Connette v. Jones, 196 N.C. App. 351 (2009)

April 7, 2009 · North Carolina Court of Appeals · No. COA08-981
196 N.C. App. 351

JULIA CONNETTE as Guardian ad Litem for A.M.R, a minor, Plaintiff-Appellee v. TINA JONES, Defendant-Appellant

No. COA08-981

(Filed 7 April 2009)

Process and Service— service by publication — wrong county indicated

The trial court abused its discretion by denying defendant’s motion to set aside a default judgment where the case was begun in Brunswick County but the service by publication indicated New Hanover County. Defendant would not have found the pending case against her if she had seen the publication and responded in New Hanover County. N.C.G.S. § 1A-1, Rule 4(jl).

Appeal by Defendant from orders entered 13 May 2008 and 11 June 2008 by Judge Thomas H. Lock in Superior Court, Brunswick County. Heard in the Court of Appeals 24 February 2009.

*352 Shipman & Wright, LLP, by Gary K. Shipman and James T. Moore, for Plaintiff-Appellee.

Crossley McIntosh Collier Hanley & Edes, PLLC, by Justin K. Humphries and Clay A. Collier, for Defendant-Appellant.

McGEE, Judge.

Tina Jones, also known as- Faustina Jones (Defendant), was employed as a teacher’s assistant at Lincoln Primary School in Brunswick County in May of 2001. A.M.R. was a student at Lincoln Primary School at that time. Julia Connette (Plaintiff), as Guardian ad Litem for A.M.R., filed a civil action against Defendant for battery on 19 March 2003, alleging that Defendant washed A.M.R.’s mouth out with soap on 13 May 2001.

Plaintiff served Defendant with notice of the battery action by publication. The notice by publication was published in the Wilmington Star News for three consecutive weeks beginning 21 May 2003. Plaintiff filed a motion for entry of default on 11 December 2003. The Clerk of Superior Court for Brunswick County entered a notice of default against Defendant on that same day. The trial court entered a default judgment against Defendant on 12 May 2004.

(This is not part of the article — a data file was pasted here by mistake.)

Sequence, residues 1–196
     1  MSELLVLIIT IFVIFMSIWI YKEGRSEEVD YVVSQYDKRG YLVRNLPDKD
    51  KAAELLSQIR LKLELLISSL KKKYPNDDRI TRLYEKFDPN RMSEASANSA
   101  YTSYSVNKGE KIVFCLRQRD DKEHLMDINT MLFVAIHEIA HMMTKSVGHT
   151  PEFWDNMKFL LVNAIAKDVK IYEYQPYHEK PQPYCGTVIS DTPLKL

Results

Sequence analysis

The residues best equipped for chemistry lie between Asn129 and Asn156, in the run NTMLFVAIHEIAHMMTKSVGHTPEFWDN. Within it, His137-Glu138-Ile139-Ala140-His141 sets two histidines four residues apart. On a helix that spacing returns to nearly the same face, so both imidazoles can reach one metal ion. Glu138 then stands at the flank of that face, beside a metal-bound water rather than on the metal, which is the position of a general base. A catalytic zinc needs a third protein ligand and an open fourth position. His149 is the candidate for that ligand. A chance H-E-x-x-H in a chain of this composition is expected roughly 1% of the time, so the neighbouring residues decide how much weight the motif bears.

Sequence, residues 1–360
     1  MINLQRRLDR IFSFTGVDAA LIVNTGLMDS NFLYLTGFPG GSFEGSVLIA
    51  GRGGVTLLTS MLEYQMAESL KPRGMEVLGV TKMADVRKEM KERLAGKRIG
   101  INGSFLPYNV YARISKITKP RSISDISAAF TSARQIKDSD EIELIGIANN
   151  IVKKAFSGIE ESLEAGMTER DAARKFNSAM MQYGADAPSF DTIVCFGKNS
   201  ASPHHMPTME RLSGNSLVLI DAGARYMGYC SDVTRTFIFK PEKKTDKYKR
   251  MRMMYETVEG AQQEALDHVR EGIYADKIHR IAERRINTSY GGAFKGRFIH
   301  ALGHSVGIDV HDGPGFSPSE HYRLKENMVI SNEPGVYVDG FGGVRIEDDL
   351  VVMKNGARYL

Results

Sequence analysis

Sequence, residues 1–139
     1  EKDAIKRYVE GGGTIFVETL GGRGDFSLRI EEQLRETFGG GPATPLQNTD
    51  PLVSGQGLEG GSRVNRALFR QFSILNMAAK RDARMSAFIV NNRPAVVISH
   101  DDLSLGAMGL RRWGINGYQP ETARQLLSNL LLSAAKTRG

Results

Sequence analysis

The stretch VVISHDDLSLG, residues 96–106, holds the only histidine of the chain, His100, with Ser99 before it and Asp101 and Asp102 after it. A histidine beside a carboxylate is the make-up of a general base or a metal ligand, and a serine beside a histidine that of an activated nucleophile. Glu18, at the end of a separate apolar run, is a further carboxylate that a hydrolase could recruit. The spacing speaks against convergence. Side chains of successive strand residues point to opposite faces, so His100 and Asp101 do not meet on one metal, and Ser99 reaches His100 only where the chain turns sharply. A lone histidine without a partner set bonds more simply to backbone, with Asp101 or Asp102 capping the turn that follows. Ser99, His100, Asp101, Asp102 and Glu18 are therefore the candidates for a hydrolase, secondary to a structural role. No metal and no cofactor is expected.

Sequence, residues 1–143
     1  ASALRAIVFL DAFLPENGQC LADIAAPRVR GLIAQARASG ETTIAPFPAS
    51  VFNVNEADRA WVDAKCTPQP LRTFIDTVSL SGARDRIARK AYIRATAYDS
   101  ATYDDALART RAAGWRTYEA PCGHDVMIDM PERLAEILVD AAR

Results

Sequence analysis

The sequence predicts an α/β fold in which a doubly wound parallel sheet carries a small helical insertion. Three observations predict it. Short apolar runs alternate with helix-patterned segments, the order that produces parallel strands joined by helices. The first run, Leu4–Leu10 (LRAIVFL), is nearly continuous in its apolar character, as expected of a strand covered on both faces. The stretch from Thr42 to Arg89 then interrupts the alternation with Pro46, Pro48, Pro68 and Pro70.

Plaintiff sent a notice of right to have exemptions designated to Defendant at Defendant’s mailing address on 25 February 2008, nearly four years after entry of default judgment. [R. P. 17] Defendant received the notice by certified mail on 27 February 2008.

Defendant filed a motion for relief from judgment and a supporting affidavit on 14 March 2008. Defendant alleged she was not aware of Plaintiff’s action against her and that the default judgment should be set aside for misnomer and as void for lack of proper service. Defendant’s motion was heard on 12 May 2008. The trial court entered an order denying Defendant’s motion, on 13 May 2008 and a second order on 11 June 2008 denying Defendant’s motion. Defendant appeals.

Defendant argues the trial court erred in denying Defendant’s motion for relief from judgment because the default judgment was void. N.C. Gen. Stat. § 1A-1, Rule 55(d) (2007) provides that a default judgment may be set aside in accordance with N.C. Gen. Stat. § 1A-1, Rule 60(b). Rule 60(b) states that “the court may relieve a party . . . from a final judgment, order, or proceeding for the following reasons: ... (4) [t]he judgment is void[.]” N.C.G.S. § 1A-1, Rule *35360(b) (2007). Motions for relief from judgment are reviewed for an abuse of discretion. Basnight Constr. Co. v. Peters & White Constr. Co., 169 N.C. App. 619, 621, 610 S.E.2d 469, 470 (2005) (citing Grant v. Cox, 106 N.C. App. 122, 124-25, 415 S.E.2d 378, 380 (1992)).